Virginia-based Dominion Energy offered on Wednesday to buy SCANA and eat $1.7 billion in costs related to two now-abandoned nuclear reactors. Customers would see their power bills cut by about 5 percent and would receive up to $1,000 in a cash rebate within 90 days of the finalized sale.
All together, the deal would cut the amount of time SCANA customers can expect to spend paying for the failed reactors from six decades to about two.
That’s an impressive offer -- far better than the 3 percent rate cut SCANA previously proposed.
But state legislators quickly shot down the November deal, and they should proceed cautiously on this plan.
The Dominion offer goes a long way to provide relief to customers who have already paid $1.7 billion toward the reactors and who continue to pay 18 percent of their monthly bills for the abandoned project.
But ratepayers would individually still owe about $5,000 over 20 years. All for nuclear reactors that will never generate power.
Lawmakers and state regulators have the power to do much more.
For one thing, legislators have already proposed clawing back all of the rate hikes related to the reactors -- not just a portion of them.
They have also moved to begin a repeal of the devastatingly misguided Base Load Review Act that allowed SCANA to raise rates nine times to help pay for the project and leave customers vulnerable in its failure.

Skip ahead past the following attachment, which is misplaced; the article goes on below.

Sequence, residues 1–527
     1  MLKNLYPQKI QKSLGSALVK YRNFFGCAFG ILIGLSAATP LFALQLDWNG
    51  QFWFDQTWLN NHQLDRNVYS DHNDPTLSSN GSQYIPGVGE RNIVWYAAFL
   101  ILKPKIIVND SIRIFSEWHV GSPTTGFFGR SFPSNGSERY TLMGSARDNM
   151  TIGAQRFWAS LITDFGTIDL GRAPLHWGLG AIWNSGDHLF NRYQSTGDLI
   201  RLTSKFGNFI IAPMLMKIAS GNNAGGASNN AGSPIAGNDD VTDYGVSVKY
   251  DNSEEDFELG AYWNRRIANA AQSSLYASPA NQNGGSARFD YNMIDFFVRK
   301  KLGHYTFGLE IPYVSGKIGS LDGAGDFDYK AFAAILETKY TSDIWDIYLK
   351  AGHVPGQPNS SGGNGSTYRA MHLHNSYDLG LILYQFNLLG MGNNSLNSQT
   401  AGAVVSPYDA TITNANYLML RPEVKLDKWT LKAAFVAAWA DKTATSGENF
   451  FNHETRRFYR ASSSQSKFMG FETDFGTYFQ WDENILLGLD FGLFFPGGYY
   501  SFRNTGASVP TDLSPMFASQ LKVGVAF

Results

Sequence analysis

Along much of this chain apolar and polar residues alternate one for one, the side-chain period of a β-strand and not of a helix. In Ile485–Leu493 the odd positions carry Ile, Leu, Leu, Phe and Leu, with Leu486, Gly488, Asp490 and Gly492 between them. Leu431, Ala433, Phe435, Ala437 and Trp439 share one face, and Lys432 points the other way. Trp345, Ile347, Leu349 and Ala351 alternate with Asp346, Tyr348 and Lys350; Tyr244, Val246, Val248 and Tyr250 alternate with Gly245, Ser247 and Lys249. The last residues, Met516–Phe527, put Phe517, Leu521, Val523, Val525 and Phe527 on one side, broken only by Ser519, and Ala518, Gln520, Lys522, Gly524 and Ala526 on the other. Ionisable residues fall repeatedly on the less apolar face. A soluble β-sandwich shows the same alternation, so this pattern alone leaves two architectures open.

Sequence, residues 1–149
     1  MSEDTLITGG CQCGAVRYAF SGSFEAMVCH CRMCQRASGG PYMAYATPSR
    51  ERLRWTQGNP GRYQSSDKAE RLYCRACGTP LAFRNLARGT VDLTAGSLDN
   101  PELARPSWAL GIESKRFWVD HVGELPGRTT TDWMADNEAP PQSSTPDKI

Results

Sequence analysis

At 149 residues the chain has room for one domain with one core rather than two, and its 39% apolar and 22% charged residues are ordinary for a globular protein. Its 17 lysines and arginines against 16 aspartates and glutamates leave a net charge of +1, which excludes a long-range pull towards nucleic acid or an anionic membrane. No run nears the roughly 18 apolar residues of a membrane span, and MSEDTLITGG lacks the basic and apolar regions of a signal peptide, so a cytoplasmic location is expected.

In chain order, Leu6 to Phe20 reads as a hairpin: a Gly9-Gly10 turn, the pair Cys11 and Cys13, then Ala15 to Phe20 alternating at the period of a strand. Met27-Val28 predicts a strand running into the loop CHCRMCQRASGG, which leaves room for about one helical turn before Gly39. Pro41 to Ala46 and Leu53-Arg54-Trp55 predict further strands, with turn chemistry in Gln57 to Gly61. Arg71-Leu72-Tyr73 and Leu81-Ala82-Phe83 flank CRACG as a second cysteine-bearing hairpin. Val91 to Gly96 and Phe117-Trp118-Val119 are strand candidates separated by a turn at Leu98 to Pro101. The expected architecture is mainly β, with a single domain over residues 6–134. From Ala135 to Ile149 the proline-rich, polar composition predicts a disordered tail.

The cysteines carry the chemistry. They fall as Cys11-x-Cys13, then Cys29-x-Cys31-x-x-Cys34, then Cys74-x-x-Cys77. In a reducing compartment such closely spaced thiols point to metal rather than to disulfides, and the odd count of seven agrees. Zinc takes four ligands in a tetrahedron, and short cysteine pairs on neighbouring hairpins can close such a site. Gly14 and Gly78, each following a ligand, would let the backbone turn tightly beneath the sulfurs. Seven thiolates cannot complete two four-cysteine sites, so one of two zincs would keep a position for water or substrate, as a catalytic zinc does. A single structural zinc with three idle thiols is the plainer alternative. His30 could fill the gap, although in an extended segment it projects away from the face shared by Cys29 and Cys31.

Accepting the Dominion offer could require leaving the BLRA intact, which would expose customers to future risk if it were to be used to pay for other new power generating projects.
That alone could be a deal breaker.
And regulators with the Public Service Commission have the power to force SCANA to eat much of the cost of the reactors if they can determine that expenditures were “imprudent.”
Nearly every day brings fresh revelations regarding the astonishing mismanagement of such an incredibly costly and critical project. Criminal investigations also are underway.
The PSC should not have a hard task in recouping costs for customers under the "imprudency" provision.
So the Dominion deal, while impressive, is premature.
Until lawmakers and regulators have had enough time to fully explore the options available to protect South Carolina ratepayers and recoup the money they have already spent on the nuclear failure, any offer involves speculation.
And with billions of dollars at stake, relying on speculation is unacceptable.
There is the risk, of course, that waiting for lawmakers and regulators to act could cause Dominion to back out of its offer, something Dominion chief executive Thomas Ferrell hinted at Wednesday. That risk should remain in legislators’ minds as they return to session next week.
Even so, lawmakers and regulators shouldn't back this deal prematurely. State officials first must provide the due diligence to ensure that hundreds of thousands of South Carolina residents are shielded from the fallout of this $9 billion disaster to the absolute extent possible.